This attitude is one shared by many other Czech students this century, as a recent study by Czech polling agency CVVM, published in the Aktuálne newspaper, demonstrates. Czech youth view the fall of Communism as a wholly positive development, according to the survey. A study on attitudes toward the end of communism released by the Washington D.C.-based Pew Global Attitudes Project earlier this month indicates that almost 90 percent of Czechs aged between 18 and 29 approve of a system with multiple political parties. Eighty percent approve of the free market economy.
Ondrej Odehnal, 21, a student from Brno, a city in the south east of the Czech Republic, is certain all aspects of life have improved. He told SPIEGEL ONLINE how among other things, his family's bathroom facilities are far superior now, and said that he felt that corruption in the regime under which his parents had suffered had also distorted the minds of its citizens and their attitude toward the state.
Asked what he thought of his fellow Czechs, those who still mourn the Iron Curtain, he said: "Maybe it's the old communists who miss it? People talk a lot of nonsense."
His friend Michal Je, a 17-year-old also from Brno, agreed with him. "Today, there are very old people who like communism because they had a good position in communist times and were content," Je says. Ben Skála, a 24-year-old graduate from the University of Southern Bohemia in Ceske Budejovice has little to add: "The communists are swine," he says.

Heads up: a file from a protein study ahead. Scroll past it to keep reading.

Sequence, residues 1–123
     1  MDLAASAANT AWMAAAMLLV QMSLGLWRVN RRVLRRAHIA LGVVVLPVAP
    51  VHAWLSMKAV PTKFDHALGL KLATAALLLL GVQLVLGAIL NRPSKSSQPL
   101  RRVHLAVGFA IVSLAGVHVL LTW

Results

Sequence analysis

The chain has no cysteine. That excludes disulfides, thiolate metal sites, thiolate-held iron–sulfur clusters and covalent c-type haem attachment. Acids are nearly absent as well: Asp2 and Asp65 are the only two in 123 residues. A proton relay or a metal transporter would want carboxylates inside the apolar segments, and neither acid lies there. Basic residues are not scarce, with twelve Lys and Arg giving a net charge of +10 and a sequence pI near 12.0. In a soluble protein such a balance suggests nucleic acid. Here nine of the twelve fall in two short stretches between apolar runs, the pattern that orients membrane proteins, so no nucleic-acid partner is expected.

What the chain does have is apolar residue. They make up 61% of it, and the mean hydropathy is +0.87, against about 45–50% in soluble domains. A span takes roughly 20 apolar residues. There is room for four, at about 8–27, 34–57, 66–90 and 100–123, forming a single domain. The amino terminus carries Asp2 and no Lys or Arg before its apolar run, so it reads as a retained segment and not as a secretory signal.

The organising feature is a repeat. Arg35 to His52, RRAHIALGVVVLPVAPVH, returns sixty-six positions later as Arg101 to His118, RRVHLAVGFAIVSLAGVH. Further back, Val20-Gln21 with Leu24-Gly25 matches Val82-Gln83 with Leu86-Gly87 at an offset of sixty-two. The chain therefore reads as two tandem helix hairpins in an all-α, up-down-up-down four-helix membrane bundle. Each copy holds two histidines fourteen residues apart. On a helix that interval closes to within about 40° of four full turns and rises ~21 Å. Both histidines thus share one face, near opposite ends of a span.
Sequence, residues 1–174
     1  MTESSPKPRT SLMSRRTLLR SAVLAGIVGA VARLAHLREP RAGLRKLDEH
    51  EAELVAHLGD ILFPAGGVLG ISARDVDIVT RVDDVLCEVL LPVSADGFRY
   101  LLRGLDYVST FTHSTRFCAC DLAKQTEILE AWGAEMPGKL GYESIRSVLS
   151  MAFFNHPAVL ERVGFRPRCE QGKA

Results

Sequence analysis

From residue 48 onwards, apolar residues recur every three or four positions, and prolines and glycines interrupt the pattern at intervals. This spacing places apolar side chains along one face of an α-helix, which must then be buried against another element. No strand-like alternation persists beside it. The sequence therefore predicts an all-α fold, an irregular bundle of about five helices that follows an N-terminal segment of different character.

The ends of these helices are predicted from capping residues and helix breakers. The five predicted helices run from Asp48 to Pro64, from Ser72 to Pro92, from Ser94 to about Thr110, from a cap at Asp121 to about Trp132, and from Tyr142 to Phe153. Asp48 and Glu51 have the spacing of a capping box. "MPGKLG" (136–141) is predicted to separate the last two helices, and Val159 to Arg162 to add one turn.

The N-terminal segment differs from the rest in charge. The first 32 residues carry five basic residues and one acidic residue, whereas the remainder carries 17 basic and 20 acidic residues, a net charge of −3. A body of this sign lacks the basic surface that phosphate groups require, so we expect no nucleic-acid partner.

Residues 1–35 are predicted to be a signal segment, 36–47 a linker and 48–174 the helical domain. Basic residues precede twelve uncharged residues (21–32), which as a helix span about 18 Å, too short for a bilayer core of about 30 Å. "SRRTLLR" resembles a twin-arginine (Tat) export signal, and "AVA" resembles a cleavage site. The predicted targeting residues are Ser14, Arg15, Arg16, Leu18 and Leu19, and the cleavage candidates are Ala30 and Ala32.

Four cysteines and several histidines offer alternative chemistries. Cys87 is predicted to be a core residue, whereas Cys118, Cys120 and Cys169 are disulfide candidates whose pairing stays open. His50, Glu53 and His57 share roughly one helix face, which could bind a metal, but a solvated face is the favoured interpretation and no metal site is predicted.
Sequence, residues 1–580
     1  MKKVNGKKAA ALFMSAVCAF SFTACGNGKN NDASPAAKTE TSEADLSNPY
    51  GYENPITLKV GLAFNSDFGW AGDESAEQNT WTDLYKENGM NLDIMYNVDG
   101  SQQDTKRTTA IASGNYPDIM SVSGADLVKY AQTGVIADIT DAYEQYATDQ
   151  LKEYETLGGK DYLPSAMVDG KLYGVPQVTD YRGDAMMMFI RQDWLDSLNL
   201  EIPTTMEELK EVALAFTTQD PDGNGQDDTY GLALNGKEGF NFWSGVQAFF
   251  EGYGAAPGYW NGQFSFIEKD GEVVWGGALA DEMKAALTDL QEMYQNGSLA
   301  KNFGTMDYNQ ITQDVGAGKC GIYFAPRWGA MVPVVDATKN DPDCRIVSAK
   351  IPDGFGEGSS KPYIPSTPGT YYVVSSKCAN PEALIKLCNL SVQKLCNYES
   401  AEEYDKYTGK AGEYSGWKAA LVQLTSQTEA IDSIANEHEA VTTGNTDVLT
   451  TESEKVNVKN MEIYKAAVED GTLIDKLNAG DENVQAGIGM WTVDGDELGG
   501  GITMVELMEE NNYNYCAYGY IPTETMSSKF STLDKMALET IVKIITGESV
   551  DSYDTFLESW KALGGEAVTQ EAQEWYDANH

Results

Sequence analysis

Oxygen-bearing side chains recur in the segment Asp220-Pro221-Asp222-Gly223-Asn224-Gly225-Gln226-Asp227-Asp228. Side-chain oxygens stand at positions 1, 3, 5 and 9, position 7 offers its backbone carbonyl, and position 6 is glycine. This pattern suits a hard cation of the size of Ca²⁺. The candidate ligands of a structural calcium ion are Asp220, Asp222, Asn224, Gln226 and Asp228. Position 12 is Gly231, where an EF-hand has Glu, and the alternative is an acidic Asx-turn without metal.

'Tired of Our Politicians'
Still, few young Czechs have illusions that they are living in the kind of democratic dream world that the Velvet Revolution made seem possible. Radys Kovaík, a 19-year-old student from Brno, follows politics but has no time for what he sees as the petty machinations of his country's parliament. He told SPIEGEL ONLINE: "I'm interested in politics but only in the important things. The politicians in our country often act like bickering children." Radys too believes that life in his country is inherently better now but he laments the fact that the average Czech's engagement with politics has waned simply because people are "tired of our politicians."
It is an attitude that has become widespread this autumn. A poll conducted by the public research group STEM found earlier this month that while two-thirds of Czechs see the Velvet Revolution as one of the most important events in Czech history, less than half -- just 43 percent -- are happy with the way the country has developed since then. A STEM poll released on Friday found that fully 87 percent of the population are unhappy with the political situation in the country.
On Tuesday, several thousand people gathered in central Prague to mark the anniversary of the beginning of the Velvet Revolution. The crowd retraced the route of that fateful student march that changed the course of Czech history, and it was made up of both the young and old. Indeed, many of those who spoke with SPIEGEL ONLINE travelled home for the celebrations.
But not all. Some preferred to stay in Berlin to go to the Marilyn Manson concert. "Almost all of us are completely different," Odehnal says. "(My generation) is free -- but indifferent and interested in other things. Our life style has changed completely. And we are interested in the future, not the past."